In FIG. 33 there is illustrated an example of application thereby to determine formation of a major chord of minor seventh of do. To such an end, disk 63 of FIG. 13 is placed over main disk 50 so bore 64 fits rotatably around spindle 51. Disk 63 is then rotated until notch 65 numbered 1 coincides with the mark 54 which corresponds to do in the main disk 50. One can then verify that the next notch 65, clockwise, faces the mark 54 for mi, the next notch 65 faces the mark 54 for sol and the next notch 65 faces the mark 54 for si flat. That is to say, the do minor seventh major chord is comprised of notes mi, sol and si flat.

FIG. 22 illustrates an equilateral triangular piece 68, one of its vertices corresponding to the rotation axis and having an extended portion in the form of a washer 69 defining a bore 70 adapted to rotatably fit over spindle 51, while the converging sides are equal to the radius of innermost circumference 53 in main disk 50. One of the other two vertices is marked 1, while the other one is marked "9 M", indicating major ninth.

FIG. 23 shows a further triangular piece 71, having the shape of an isosceles triangle wherein equal angles 72 have 72.5 while the other is of 35, the vertex of the latter constituting the axis of rotation of said triangular piece 71 and being provided with an extended portion in the form of a washer 73 which defines a bore 74 adapted for fitting rotatably over spindle 51 of the main disk 50, the equal side in the triangle having the same length as the radius of innermost circumference 53 of the main disk. One of the equal angles 72 is marked with a number 1, while the other one carries the indication "9 m", meaning minor ninth.

FIG. 24 shows a further triangular piece 75, constituted by an isosceles triangle having two equal angle of 47.5, while the third angle is of 85 and its vertex constitutes the axis of rotation of the piece, to which purpose it is provided with an extended portion in the form of a washer 76 which defines a bore 77 adapted to fit rotatably over spindle 51 of the main disk 50. The sides converging on the greater angle are equal to the radius of innermost circumference 53. One of the vertices of the equal angles is marked 1, while the other one carries the inscription "9 Aum.", indicating the augmented ninth interval.

The three triangular pieces 68, 71 and 75 serve for determining five-note chords commonly denominated chords of ninth, when any one of them is superposed on one of the disk-shaped pieces 63 shown in FIGS. 8 to 21 placed on main disk 50.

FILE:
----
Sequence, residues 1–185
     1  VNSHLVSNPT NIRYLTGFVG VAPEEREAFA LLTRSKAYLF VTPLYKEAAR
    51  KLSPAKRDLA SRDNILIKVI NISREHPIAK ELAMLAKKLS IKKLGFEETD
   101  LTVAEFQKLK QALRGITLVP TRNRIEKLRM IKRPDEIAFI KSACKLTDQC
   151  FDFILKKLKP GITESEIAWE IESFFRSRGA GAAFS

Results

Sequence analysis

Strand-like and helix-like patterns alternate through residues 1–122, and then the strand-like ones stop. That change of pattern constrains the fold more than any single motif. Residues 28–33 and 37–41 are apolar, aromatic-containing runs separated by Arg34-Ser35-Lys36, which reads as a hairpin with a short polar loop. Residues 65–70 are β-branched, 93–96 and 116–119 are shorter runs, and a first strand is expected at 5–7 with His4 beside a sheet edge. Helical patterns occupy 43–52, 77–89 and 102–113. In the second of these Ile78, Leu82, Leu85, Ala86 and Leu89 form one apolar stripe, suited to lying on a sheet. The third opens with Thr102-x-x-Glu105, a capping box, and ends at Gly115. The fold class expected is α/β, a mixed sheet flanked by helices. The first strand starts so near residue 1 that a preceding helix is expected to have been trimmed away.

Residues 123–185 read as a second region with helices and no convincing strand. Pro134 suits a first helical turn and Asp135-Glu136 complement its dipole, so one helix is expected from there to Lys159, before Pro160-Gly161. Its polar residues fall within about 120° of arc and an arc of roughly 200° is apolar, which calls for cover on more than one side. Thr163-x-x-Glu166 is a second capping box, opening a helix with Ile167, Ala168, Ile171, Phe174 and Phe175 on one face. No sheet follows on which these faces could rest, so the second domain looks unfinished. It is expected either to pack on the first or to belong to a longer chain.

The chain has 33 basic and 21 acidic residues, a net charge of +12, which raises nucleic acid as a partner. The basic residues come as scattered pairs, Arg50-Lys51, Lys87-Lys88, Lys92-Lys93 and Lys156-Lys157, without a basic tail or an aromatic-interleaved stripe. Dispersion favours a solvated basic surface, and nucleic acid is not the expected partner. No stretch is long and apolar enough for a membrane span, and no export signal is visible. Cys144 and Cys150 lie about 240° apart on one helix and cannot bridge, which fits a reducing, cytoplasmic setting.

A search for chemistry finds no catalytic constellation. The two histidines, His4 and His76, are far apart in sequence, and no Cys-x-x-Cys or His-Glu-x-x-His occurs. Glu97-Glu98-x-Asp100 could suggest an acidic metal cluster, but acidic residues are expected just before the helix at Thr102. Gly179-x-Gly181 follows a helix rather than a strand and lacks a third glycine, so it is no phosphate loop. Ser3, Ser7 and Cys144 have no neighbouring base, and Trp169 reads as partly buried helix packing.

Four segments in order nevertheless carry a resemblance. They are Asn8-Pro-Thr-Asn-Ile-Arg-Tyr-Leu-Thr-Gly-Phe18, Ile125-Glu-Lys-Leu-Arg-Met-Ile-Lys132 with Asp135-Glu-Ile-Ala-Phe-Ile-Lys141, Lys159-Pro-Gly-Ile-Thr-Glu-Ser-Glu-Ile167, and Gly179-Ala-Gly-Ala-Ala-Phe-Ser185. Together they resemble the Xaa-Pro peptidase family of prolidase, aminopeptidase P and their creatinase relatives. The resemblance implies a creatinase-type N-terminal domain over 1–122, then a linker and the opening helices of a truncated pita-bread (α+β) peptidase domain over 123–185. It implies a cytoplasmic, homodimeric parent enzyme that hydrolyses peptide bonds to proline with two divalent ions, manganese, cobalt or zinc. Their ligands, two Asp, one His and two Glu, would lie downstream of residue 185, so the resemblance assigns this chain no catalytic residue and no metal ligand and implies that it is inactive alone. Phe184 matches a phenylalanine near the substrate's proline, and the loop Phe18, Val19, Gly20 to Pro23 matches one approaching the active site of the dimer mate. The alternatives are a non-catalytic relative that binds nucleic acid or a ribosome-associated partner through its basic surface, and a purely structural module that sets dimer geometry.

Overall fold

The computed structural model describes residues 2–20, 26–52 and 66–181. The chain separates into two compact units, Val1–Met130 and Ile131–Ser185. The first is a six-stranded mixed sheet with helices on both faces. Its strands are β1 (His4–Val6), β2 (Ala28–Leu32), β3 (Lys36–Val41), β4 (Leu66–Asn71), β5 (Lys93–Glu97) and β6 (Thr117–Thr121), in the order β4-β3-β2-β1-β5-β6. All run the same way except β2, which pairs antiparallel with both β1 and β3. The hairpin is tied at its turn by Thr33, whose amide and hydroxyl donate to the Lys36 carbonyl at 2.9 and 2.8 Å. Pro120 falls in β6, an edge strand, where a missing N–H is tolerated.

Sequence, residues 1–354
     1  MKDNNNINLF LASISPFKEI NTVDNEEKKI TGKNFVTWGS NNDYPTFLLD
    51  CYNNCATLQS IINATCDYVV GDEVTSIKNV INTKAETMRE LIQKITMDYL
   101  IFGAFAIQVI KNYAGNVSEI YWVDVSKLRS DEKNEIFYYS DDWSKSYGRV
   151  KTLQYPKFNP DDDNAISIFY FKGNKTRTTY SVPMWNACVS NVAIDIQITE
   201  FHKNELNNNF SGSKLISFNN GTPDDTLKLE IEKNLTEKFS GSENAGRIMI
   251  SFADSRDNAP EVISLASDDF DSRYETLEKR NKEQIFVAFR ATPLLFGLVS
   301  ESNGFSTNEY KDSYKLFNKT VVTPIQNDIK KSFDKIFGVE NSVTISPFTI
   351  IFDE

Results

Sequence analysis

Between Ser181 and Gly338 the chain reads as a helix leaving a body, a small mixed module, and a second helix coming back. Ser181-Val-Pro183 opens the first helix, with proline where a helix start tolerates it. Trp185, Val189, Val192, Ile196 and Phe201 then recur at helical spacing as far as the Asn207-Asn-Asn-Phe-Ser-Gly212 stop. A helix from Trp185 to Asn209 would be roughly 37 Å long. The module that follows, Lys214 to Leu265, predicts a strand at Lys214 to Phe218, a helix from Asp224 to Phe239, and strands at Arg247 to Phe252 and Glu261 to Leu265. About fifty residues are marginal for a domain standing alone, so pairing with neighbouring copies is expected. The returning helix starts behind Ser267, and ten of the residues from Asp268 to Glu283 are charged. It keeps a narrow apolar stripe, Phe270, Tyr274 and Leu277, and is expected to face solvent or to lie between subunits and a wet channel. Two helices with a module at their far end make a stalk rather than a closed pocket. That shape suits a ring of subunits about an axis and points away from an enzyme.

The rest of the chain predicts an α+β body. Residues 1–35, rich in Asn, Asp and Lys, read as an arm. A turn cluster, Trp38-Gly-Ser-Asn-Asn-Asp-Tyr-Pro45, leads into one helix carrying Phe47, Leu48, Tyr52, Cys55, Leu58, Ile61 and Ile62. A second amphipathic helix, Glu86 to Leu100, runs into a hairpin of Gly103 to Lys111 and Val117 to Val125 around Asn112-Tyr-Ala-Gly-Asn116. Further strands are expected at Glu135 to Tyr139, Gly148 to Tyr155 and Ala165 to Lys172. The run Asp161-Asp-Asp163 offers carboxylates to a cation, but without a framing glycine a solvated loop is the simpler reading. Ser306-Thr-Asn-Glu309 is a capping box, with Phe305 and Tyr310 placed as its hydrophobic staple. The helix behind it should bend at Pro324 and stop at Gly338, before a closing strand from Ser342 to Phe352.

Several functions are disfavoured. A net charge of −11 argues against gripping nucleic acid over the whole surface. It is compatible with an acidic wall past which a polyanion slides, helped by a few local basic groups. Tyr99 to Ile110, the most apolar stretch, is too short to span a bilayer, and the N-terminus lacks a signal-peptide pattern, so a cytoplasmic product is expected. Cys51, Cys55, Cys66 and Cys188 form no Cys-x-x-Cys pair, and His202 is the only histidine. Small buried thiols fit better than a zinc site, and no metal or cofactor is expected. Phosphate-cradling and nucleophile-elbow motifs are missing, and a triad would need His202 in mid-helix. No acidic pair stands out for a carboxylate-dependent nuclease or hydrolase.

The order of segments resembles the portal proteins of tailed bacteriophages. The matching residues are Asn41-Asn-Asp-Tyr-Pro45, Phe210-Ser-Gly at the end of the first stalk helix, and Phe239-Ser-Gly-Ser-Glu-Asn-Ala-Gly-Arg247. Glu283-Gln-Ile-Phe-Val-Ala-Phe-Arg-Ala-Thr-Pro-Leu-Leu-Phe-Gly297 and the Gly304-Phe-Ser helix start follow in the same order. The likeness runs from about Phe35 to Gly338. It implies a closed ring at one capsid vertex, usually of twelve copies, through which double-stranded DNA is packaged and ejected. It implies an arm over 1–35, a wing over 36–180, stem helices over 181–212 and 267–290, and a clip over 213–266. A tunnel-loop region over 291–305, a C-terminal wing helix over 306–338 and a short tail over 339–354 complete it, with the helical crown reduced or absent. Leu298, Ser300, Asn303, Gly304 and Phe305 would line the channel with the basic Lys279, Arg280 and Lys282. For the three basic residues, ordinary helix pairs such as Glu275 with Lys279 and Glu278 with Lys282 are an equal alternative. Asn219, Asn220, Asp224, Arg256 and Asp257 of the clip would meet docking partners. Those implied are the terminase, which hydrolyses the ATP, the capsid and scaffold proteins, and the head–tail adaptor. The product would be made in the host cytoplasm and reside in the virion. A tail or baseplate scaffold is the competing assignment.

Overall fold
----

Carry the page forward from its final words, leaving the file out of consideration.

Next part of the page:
As illustrated in FIG. 34, superposed on main disk 50 the discoid piece 63 of FIG. 8 is placed, whereby the major seventh major chord is determined, the notch 65 marked 1 being coincident with radial mark 54 for do. By superposing on discoid piece 63 the triangular piece 68 so that its bore 70 fits rotatably over spindly 51, and placing the vertex marked 1 opposite the radial mark 54 corresponding to do, the vertex marked "9 M" will point at radial mark 54 for re, so that it is seen that the do major ninth chord comprises notes mi, sol, si, re. As can be seen in FIG. 34, the effect of triangular piece 68 is to add to the basic chord indicated by discoid piece 63 an additional note, re, spaced a musical interval of a third from the next lower note, si.

FIGS. 25 and 26 show polygonal pieces which superposed on disks 63 and pieces 68, or 71, or 75, permit determination of chords of six notes called elevenths.

FIG. 25 shows an isosceles triangular piece 78 the equal angles 79 of which are of 15 each, while the third angle has 150, the vertex of the latter constituting the axis of rotation and being provided with an extended portion in the general form of a washer 80 which defines a bore 81 adapted to rotatably fit over spindle 51, the sides converging on said vertex, being equal to the radius of innermost circumference 53. One of the equal angles 79 is marked with the digit 1, while the other angle 79 is marked with the characters "11 J", indicating the just eleventh.

FIG. 26 shows a regular rhomboidal piece 82, the acute angles 83 whereof have their bisectors 84 forming at their intersection an angle 86 of 175 the vertex of which constitutes the axis of rotation of the rhomboidal piece 82 and is provided with a bore 85 for rotatably fitting the piece over the spindle 51, the length of each bisector 84 between vertices 83 and the angle 86 vertex equal to the radius of innermost circumference 53 of the main disk 50. One of the acute angles 83 is marked with a digit 1, while the other one is marked with the characters "11 Aum" which indicate the augmented eleventh.